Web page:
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          By joining the biggest community of bird lovers in Australia, you can help us make a positive impact on the future of our native birdlife. The members of BirdLife Australia, along with our supporters and partners, have been powerful advocates for native birds and the conservation of their habitats since 1901.

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          Mallee Emu-wren

          Stipiturus mallee

          Though confined to the Murray Mallee region of South Australia and Victoria, the range of the Mallee Emu-wren has shrunk in recent years after fires destroyed much of its restricted areas of habitat. There is now a concerted conservation effort underway to save the species, as another bushfire could see the Mallee Emu-wren edge closer to extinction.



          The Mallee Emu-wren is a diminutive bird, up to 15 centimetres long, though its long filamentous tail is 1.5 times the length of its body. The male has a dull rufous cap, and the face is sky blue; this blue plumage extends onto the throat and upper breast to form a distinct bib. The upperparts are olive-brown with black streaks. The underparts, apart from the blue bib, are orange-buff, with a white belly. The female is similar, but lacks the blue face and bib.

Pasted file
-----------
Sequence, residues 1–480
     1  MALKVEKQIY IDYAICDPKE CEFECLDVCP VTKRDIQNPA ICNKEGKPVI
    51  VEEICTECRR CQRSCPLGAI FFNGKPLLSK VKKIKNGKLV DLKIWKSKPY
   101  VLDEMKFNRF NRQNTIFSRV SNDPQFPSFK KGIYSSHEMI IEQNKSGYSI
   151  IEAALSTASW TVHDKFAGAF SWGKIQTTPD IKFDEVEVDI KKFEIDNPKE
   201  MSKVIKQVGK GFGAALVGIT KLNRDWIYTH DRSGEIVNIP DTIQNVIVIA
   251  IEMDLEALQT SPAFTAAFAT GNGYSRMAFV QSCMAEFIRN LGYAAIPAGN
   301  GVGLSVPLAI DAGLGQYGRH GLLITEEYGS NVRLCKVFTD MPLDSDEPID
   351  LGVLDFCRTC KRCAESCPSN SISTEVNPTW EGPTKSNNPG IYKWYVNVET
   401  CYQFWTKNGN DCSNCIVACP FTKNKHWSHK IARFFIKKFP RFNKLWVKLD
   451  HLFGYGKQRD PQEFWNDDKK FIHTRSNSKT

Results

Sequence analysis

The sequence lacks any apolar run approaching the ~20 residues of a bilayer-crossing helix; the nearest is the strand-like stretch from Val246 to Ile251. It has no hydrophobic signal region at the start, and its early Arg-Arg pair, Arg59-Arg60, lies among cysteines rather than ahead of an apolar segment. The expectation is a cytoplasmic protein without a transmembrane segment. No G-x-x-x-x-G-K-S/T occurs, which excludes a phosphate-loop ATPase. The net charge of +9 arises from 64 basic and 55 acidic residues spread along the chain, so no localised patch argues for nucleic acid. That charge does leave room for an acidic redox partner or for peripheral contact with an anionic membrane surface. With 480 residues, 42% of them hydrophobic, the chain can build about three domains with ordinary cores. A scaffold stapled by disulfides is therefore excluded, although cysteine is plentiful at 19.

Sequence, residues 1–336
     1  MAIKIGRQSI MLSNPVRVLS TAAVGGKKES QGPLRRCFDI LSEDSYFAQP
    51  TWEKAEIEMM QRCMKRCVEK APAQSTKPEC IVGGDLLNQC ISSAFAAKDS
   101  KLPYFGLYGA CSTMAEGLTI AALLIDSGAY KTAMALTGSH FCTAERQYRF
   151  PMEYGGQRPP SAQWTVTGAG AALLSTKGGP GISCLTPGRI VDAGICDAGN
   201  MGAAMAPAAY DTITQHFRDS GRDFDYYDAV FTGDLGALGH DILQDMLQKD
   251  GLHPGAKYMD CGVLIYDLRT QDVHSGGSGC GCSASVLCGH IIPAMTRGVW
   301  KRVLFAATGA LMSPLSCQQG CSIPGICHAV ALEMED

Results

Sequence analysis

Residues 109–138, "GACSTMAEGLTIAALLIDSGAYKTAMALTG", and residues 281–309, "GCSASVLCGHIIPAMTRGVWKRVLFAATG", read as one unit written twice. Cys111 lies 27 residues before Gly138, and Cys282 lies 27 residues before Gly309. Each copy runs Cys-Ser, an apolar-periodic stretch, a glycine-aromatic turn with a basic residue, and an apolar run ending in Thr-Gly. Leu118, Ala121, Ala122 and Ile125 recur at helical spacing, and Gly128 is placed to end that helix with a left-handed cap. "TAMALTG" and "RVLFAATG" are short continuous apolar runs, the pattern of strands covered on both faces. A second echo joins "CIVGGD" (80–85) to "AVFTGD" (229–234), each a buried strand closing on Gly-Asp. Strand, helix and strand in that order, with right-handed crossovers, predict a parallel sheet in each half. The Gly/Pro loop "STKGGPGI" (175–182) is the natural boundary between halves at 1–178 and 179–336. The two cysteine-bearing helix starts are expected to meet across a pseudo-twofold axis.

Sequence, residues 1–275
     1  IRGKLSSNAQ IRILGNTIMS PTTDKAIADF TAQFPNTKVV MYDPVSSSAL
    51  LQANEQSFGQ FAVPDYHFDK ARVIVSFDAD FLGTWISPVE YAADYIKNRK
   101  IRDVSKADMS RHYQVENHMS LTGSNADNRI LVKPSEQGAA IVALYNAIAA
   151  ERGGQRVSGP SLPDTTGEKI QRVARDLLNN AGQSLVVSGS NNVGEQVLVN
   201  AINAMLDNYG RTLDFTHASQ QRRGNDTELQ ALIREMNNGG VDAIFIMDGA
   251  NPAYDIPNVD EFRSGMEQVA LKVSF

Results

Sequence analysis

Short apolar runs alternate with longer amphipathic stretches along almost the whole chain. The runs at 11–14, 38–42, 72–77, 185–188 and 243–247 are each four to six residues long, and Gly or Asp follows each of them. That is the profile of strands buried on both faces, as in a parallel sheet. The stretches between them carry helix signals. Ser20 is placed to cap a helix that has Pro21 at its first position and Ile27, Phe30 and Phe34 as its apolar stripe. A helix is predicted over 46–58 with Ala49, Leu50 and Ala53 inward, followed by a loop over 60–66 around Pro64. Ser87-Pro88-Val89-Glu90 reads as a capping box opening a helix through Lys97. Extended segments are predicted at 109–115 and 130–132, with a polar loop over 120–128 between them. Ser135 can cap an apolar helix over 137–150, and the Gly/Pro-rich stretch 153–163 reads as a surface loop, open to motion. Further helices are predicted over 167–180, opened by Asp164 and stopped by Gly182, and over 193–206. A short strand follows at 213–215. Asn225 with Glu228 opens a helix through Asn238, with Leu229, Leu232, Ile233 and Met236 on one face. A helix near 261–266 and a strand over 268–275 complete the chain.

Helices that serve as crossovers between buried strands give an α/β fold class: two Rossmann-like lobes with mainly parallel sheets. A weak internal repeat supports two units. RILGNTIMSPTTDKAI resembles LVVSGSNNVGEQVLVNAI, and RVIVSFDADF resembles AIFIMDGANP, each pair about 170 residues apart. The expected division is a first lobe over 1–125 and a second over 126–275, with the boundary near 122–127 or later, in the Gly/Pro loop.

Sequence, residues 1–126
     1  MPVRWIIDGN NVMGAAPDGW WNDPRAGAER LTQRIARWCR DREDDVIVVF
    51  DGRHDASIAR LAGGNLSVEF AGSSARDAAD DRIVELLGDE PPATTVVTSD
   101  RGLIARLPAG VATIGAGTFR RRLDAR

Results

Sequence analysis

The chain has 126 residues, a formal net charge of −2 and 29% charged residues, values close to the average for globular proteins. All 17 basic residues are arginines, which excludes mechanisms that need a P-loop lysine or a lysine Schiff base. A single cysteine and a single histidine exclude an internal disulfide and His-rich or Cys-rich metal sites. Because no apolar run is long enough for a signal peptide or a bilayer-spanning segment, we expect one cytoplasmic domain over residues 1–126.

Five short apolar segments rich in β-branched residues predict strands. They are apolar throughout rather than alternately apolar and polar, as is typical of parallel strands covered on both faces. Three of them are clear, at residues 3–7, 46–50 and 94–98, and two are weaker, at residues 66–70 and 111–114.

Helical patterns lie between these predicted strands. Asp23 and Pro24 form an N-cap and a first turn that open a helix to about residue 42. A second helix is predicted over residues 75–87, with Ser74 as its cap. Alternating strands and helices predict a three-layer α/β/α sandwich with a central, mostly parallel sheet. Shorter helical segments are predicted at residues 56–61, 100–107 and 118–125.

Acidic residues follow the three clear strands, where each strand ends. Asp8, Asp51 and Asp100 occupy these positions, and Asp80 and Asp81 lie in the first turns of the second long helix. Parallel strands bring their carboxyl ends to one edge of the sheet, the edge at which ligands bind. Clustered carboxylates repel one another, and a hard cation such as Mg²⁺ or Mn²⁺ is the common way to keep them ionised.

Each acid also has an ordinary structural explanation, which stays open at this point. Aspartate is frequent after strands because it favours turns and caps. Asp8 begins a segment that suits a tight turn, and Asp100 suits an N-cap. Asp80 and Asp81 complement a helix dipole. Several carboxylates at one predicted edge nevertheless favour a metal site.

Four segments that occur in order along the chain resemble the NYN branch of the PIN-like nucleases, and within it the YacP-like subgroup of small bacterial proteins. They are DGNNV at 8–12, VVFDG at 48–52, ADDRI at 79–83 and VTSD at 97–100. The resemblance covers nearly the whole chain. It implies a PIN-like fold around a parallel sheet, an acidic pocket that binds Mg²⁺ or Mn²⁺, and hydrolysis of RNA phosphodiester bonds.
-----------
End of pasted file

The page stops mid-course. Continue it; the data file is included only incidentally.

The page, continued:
Similar Species

          The Southern Emu-wren inhabits heathlands rather than mallee spinifex. It can be separated by the obvious streaking on its head, blue feathering on the throat of the males that does not extend onto the face, and a whitish underbelly.



          Until recently, the Mallee Emu-wren was confined to the Murray Mallee region of north-western Victoria and eastern South Australia. However, since recent bushfires in SA, the species is now found only in Victoria, where it occurs in Murray–Sunset, Hattah-Kulkyne and Wyperfeld National Parks.


          Mallee Emu-wrens occur in among dense stands of Spinifex Triodia in mature mallee woodland associations which have remained unburnt for at least 15 years. They have also been recorded in low, semi-arid, mallee–heath. 



          Due to the dense nature of their habitat, little is known about the foraging behaviour of the Mallee Emu-wren. They mostly feed in clumps of Spinifex and low shrubs, as well as occasionally on the ground, where they take small insects, mainly beetles.


          Mallee Emu-wrens usually three eggs in a domed or hooded nest made of grass, strips of bark and Spinifex leaves, all woven together, and lined with soft material. Only the female incubates, but the young are fed by both sexes. 

          Conservation Status




          Not present


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